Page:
Glutamate accumulated by astrocytes is enzymatically converted into glutamine in the cytosol by the astrocyte-specific enzyme glutamine synthetase. Astrocytes are a sub-type of glial cells in the central nervous are also known as astrocytic glial cells.

Star-shaped, their many processes envelop synapses made by neurons. In humans, a single astrocyte cell can interact with up to 2 million neurons at a time. Astrocytes are classically identified using histological analysis; many of these cells express the intermediate Location: Brain and Spinal cord.

3 Neurotransmitter Receptors in Astrocytes 63 Hollmann M, Heinemann S () Cloned glutamate receptors.

Description On astrocytes and glutamate neurotransmission EPUB

Annu Re v Neur osci 31 – Author: Alexei Verkhratsky. The functional activity in the brain is primarily composed of an interplay between excitation and inhibition. In any given region the output is based upon a complex processing of incoming signals that require both excitatory and inhibitory units.

Moreover, these units must be regulated and balanced such that an integrated and finely tuned response is by: Start studying Glutamate excitatory neurotransmission. Learn vocabulary, terms, and more with flashcards, games, and other study tools.

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The glutamate/GABA–glutamine cycle is a metabolic pathway that describes the release of glutamate or GABA from neurons which are then taken up into astrocytes (star-shaped glial cells).

In return, astrocytes release glutamine to be taken up into neurons for use as a precursor to the synthesis of glutamate or GABA. Research of the last few decades has promoted astrocytes from cells providing physical and metabolic support to neurons to being their indispensable partner in neurotransmission (for exhaustive reviews see [1,2]).One of the crucial tools which astrocytes use to communicate with neurons and to modulate their function are neurotransmitter receptors located on astrocytic Cited by: In this cycle glutamate released from neurons is taken up by surrounding astrocytes, amidated by the action of glutamine synthetase to glutamine which can be transferred back to the neurons.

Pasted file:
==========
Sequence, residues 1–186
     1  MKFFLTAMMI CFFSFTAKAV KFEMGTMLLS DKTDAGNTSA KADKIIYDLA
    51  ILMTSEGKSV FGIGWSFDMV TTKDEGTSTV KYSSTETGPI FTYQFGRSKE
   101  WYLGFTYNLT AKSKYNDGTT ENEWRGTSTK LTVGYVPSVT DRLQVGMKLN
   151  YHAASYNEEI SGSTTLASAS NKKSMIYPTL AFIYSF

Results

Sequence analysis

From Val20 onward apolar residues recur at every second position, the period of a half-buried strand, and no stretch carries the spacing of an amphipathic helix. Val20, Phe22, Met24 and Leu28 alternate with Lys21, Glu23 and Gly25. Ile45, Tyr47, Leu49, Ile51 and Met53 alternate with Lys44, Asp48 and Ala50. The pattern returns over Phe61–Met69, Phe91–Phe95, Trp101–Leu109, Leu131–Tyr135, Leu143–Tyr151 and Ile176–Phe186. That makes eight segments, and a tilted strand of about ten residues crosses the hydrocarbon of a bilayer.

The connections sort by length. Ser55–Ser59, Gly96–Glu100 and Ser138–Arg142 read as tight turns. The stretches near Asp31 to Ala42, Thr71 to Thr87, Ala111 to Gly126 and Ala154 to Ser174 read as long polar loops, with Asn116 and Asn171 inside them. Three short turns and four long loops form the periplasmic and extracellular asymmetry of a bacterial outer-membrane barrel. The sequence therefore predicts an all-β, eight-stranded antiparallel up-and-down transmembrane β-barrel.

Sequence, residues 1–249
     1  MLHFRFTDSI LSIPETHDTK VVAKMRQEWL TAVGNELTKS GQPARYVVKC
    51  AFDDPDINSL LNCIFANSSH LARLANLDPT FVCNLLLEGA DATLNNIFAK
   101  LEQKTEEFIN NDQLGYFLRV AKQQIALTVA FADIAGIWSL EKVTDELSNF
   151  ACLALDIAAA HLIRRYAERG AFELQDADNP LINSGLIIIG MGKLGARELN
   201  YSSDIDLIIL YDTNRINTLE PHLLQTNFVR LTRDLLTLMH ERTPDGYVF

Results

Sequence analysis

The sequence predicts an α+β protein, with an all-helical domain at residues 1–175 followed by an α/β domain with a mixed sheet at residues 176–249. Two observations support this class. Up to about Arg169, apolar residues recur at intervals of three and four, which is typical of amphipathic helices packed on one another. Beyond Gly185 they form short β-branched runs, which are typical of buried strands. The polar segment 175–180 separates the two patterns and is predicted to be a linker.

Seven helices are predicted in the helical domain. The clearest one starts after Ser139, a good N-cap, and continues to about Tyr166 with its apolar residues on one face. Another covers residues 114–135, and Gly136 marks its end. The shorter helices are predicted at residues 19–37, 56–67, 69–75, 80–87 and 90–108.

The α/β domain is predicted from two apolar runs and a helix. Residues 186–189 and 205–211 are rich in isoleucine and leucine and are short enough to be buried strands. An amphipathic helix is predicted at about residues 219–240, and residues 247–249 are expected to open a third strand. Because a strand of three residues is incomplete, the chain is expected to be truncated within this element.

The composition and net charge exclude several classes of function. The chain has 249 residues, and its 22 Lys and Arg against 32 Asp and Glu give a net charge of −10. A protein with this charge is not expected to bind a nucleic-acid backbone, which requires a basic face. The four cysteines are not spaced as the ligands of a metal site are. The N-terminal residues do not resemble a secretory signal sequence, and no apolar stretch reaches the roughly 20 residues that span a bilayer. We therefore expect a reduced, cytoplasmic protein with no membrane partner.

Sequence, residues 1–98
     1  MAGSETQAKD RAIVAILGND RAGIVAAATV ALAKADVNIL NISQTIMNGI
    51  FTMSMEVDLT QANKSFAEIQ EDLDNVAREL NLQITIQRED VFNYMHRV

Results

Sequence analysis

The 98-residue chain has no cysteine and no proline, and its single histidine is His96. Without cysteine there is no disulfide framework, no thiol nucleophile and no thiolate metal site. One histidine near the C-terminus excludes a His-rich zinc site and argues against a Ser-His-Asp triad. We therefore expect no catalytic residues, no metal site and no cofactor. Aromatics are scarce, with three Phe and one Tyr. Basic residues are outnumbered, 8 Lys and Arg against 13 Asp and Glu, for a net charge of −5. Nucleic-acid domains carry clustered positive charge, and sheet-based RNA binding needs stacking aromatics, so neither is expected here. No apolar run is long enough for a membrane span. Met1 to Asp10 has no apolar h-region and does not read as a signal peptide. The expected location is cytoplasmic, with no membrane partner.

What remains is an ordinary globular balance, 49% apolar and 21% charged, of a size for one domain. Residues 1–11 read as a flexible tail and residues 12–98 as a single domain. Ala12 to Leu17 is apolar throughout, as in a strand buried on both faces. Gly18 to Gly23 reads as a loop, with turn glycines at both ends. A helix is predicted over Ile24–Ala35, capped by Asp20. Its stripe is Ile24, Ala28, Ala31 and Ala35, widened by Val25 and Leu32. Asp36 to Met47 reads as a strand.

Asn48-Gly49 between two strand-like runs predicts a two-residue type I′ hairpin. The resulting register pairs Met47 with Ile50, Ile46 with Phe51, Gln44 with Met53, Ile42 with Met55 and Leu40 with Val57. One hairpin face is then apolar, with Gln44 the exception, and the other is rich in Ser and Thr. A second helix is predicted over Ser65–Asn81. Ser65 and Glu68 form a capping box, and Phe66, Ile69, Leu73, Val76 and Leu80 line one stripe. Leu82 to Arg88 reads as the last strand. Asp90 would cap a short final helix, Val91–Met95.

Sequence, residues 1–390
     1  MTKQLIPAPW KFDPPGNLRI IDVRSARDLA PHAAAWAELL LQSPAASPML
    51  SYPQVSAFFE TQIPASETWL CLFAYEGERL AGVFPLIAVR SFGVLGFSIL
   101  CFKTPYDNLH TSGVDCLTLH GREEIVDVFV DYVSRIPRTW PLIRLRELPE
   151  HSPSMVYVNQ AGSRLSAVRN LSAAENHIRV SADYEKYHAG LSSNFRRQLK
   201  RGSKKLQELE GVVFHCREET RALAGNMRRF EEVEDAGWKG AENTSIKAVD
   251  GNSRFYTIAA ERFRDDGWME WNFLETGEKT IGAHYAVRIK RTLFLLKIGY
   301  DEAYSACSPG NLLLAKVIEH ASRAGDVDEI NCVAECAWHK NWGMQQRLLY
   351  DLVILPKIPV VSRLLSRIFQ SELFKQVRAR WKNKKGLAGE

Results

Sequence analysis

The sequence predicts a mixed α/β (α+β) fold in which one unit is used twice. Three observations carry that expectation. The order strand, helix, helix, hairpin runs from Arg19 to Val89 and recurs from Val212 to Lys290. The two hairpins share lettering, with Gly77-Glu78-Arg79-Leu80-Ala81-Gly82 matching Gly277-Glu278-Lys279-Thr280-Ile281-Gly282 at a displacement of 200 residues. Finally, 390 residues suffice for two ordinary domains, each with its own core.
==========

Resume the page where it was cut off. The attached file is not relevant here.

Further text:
The conversion of glutamate to glutamine is like a stealth technology, hiding the glutamate molecule which would be highly toxic to neurons due to its. Glutamate is one of the most prevalent neurotransmitters released by excitatory neurons in the central nervous system (CNS); however, residual glutamate in the extracellular space is, potentially, neurotoxic.

It is now well-established that one of the fundamental functions of astrocytes is to uptake most of the synaptically-released glutamate, which optimizes neuronal Cited by:   A single-wavelength genetically encoded sensor of extracellular glutamate is reported.

The sensor—iGluSnFR—is bright and photostable under both one- and two-photon illumination and is shown to Cited by: Get this from a library. The glutamate/GABA-glutamine cycle: amino acid neurotransmitter homeostasis. [Arne Schousboe; Ursula Sonnewald;] -- Fundamental biochemical studies of basic brain metabolism focusing on the neuroactive amino acids glutamate and GABA combined with the seminal observation that one of the key enzymes, glutamine.

The basis of information transfer in the mammalian central nervous system (CNS) consists of excitation and inhibition of neuronal networks. The messengers responsible for propagating these excitatory and inhibitory actions are amino acid neurotransmitters [].The principal excitatory neurotransmitter is glutamate, while the principle inhibitory neurotransmitter is gamma Cited by: 4.